Thank you very much for the comprehensive reply :) I have been making great progress since I last wrote to you and have managed to code up several successful questions! I managed to import the .xml example that you attached to your message but I cannot find the db folder in the source for the other two examples. Should I be looking for a folder called "source" ?

Thanks again for your help.

Regards,

Kristy

Picture of Richard Lobb
Re: Matlab
by Richard Lobb - Wednesday, 25 May 2016, 8:41 PM
 

Hi Kirsty

Sorry for the confusion. I meant the db folder within the CodeRunner source. You'll find it in the github repository, here.

Richard

Picture of Kristy Hansen
Re: Matlab
by Kristy Hansen - Sunday, 29 May 2016, 4:34 PM
 

Hi Richard,

Thank you for the link and I'm sorry to bother you again but I am not sure how to save the .xml file from that location in order to be able to import it. I am not at all familiar with .xml format so that probably doesn't help :(. Can you please tell me how I can do this?

Regards,

Kristy

Picture of Richard Lobb
Re: Matlab
by Richard Lobb - Sunday, 29 May 2016, 7:33 PM
 

Hi Kristy

Steps are as follows:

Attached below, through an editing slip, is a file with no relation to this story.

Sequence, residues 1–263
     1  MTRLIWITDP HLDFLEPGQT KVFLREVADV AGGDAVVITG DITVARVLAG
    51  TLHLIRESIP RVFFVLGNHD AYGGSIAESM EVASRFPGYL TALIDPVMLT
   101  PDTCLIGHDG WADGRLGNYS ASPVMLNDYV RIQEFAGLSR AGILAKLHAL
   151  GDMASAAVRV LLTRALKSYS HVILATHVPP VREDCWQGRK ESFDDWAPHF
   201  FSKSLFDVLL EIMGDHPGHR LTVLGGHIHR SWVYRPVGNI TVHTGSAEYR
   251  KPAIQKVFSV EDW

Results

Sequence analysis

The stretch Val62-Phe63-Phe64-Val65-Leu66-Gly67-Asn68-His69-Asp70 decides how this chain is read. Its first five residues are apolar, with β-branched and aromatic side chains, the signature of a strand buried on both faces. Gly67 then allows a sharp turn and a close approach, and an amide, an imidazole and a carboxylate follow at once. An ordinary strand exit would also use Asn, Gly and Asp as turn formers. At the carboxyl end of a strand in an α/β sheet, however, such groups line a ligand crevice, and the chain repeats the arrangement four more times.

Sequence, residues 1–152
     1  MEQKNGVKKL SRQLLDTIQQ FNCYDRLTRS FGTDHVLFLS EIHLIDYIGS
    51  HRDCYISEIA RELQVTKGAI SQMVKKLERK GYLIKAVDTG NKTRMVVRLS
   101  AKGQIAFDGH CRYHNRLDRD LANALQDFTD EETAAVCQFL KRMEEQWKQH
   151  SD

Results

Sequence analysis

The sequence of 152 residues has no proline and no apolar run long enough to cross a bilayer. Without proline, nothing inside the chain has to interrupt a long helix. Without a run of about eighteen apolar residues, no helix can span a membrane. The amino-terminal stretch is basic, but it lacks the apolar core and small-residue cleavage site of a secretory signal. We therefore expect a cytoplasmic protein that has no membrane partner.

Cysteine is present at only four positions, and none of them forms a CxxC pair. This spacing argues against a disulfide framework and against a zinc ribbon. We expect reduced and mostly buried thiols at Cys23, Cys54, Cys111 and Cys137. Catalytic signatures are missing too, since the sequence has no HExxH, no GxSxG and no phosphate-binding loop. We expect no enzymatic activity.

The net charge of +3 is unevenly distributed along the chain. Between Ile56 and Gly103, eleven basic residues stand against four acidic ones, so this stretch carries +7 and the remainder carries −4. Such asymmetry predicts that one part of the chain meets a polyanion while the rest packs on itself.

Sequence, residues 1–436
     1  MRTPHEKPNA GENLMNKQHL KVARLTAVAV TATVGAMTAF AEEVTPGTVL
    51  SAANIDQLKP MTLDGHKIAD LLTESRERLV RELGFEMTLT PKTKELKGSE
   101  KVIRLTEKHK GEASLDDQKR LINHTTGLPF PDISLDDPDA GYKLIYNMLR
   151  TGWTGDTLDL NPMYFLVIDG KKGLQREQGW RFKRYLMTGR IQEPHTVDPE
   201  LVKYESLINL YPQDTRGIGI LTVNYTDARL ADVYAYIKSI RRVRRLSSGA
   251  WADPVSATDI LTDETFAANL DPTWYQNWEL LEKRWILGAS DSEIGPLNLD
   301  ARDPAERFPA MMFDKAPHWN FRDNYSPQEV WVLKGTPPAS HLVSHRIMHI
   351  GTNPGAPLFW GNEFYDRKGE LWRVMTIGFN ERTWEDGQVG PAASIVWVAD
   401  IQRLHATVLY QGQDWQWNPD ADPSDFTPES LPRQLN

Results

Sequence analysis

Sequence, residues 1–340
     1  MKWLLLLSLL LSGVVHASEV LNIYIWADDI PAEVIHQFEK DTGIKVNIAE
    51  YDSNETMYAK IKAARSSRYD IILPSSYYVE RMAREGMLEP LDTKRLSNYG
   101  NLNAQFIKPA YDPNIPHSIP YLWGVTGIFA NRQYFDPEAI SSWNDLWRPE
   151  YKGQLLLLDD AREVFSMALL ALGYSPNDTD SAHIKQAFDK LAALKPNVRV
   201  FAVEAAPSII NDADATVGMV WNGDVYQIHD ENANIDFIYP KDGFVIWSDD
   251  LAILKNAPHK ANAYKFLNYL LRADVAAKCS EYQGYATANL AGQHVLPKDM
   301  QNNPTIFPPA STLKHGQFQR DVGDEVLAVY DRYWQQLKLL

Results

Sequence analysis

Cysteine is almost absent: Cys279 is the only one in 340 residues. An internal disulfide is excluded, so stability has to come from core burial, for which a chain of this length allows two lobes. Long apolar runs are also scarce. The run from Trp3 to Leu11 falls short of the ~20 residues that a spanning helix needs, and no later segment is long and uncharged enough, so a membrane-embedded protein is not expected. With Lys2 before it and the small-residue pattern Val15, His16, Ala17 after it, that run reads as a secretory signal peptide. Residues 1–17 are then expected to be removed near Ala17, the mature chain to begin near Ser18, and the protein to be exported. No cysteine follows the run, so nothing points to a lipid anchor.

1. In your browser, navigate to https://github.com/trampgeek/moodle-qtype_coderunner/tree/master/db
  2. Left-click the link to the xml file you want e.g. uoc_prototypes.xml
  3. Left-click the "Raw" button at the top of the text window. That should get you a browser window containing just the xml file itself, without other stuff like line numbers.
  4. Save that file (probably by typing CTRL/S though it's browser/OS dependent) somewhere suitable, say as "questions.xml".
  5. Use Moodle's Course Administration menu to find Question Bank > Import. Click that link.
  6. You should now be looking at a Import questions from file form. Select Moodle XML format as the file type and use the Choose file dialogue box to select the saved questions.xml. Click Upload this file
  7. Click the blue Import button. You should get presented with a list of all the questions you just imported.
Hope it works this time. If not I'll just email you the files :)

Richard

Picture of Kristy Hansen
Re: Matlab
by Kristy Hansen - Monday, 6 June 2016, 1:34 PM
 

Hi Richard,

Sorry to make this seem so complicated! But I can't save the file as .xml. It just isn't a listed option for me. I can only save as .txt and then that format is not accepted using the import option. I would really appreciate it if you could email me the file :)

Thanks,

Kristy

Picture of Richard Lobb
Re: Matlab
by Richard Lobb - Thursday, 9 June 2016, 9:54 PM
 

Hi Kristy